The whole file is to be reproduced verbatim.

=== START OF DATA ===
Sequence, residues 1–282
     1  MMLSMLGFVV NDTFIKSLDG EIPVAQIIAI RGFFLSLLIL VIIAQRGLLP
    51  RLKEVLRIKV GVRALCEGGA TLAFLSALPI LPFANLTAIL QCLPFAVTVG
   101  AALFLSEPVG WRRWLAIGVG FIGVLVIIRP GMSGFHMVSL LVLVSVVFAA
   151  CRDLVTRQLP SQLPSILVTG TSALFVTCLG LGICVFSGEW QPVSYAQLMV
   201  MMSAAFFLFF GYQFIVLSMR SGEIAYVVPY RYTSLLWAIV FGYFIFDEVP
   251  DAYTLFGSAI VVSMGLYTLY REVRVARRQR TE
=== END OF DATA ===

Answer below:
Sequence, residues 1–282
     1  MMLSMLGFVV NDTFIKSLDG EIPVAQIIAI RGFFLSLLIL VIIAQRGLLP
    51  RLKEVLRIKV GVRALCEGGA TLAFLSALPI LPFANLTAIL QCLPFAVTVG
   101  AALFLSEPVG WRRWLAIGVG FIGVLVIIRP GMSGFHMVSL LVLVSVVFAA
   151  CRDLVTRQLP SQLPSILVTG TSALFVTCLG LGICVFSGEW QPVSYAQLMV
   201  MMSAAFFLFF GYQFIVLSMR SGEIAYVVPY RYTSLLWAIV FGYFIFDEVP
   251  DAYTLFGSAI VVSMGLYTLY REVRVARRQR TE